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Germany is facing a fight with China over the battery market

The federal government plans to invest about $ 1 billion to produce lithium-ion batteries in Germany. As is known, this sphere of production has been monopolized by Asian countries for many years: China, Japan and South Korea. However, Germany’s plans are ambitious: it is expected that by 2030 the share of batteries marked MADE IN GERMANY will reach 30% in the world market.

The first German batteries will come off the assembly line in 2021. Nonetheless, many economic analysts are skeptical about this venture. By the same date, China will produce up to 70% of all lithium-ion batteries in the world. Compete with a country where labor is many times cheaper than in Europe, will be quite problematic. Another equally important problem is the availability of raw materials for production. It is about cobalt, which is a key component of lithium-ion batteries. At present, the People’s Republic of China controls about 85% of the world’s reserves of this metal. In other words, the country secured its production in advance against possible competition. Germany has no such advantage, which also became an object for criticism.

However, the German government saved up a trump card. It plans to compensate for the lack of raw materials by the availability of developed technologies in the country. In particular, the capacity of Germany allows to extract up to 50% of the necessary raw materials by recycling batteries that have served their time. However, in this area, China is not far behind: the reuse of waste materials is gradually becoming a reality of this Asian country.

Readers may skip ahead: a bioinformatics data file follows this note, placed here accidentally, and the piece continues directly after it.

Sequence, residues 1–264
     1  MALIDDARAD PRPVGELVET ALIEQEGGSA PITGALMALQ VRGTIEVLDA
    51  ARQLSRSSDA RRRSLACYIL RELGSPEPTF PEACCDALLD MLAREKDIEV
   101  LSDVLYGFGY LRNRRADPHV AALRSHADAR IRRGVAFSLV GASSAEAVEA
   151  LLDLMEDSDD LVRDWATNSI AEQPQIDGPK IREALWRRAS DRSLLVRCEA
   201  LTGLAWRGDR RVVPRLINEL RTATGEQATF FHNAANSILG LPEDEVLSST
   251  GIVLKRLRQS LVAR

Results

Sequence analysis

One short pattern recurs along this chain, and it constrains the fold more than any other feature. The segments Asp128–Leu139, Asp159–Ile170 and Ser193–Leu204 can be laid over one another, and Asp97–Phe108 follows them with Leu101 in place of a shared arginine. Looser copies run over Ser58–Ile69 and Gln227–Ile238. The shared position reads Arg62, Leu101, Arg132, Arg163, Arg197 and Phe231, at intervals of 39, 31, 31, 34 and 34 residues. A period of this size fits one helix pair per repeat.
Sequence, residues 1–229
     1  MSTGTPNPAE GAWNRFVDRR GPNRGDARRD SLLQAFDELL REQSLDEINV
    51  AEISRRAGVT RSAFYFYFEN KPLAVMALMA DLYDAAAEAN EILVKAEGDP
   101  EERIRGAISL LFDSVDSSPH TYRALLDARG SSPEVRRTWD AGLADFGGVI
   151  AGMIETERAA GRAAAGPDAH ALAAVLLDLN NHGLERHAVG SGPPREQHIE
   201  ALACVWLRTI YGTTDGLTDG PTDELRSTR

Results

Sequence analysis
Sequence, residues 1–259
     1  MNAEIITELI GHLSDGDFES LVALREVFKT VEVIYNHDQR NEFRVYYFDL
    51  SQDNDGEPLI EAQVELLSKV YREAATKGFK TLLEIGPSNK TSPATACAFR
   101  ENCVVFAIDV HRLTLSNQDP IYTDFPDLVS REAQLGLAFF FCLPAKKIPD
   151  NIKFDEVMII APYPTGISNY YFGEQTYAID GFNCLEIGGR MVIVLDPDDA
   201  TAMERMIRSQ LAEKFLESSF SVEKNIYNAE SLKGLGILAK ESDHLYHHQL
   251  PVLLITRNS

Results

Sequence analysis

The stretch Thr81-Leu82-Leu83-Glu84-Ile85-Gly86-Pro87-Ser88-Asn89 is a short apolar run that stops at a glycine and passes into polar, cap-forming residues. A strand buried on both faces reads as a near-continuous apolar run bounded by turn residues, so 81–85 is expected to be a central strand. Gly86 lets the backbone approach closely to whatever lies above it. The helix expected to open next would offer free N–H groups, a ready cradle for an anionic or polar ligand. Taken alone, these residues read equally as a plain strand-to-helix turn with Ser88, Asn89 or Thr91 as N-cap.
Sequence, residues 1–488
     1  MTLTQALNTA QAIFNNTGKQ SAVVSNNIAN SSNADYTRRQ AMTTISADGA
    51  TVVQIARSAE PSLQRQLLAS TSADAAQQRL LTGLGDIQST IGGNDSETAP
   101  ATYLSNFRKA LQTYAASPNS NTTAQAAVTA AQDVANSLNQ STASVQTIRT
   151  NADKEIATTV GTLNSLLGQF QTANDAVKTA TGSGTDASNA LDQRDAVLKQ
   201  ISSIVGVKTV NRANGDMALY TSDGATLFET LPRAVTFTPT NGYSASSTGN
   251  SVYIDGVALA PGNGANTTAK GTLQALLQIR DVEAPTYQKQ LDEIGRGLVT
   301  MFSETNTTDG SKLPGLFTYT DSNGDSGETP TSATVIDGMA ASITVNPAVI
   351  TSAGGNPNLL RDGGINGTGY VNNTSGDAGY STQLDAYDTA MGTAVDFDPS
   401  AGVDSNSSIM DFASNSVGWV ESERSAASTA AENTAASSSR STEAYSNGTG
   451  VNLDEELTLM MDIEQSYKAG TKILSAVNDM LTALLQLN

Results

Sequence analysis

A number of market researchers are still positive about the idea of ​​producing batteries in Germany. This would greatly simplify the procedure for the transportation of finished products, would save customs duties and make Europe much more energy-independent. But at the same time it is not at all necessary that the factories belong to German owners. Chinese and Korean companies are willing to give big money to open their factories in Europe. This would kill two birds with one stone: it would reduce the cost of production and make it safer and more relevant to European standards.

It is worth to add that the inventor of a modern lithium-ion battery was John Gudnaf, a Briton of German origin. This happened at the University of Oxford in the late 80s. However, mass production began only when the Japanese company Sony purchased the rights to the invention.

Igor Konchakovsky

Photo source: pixabay.com

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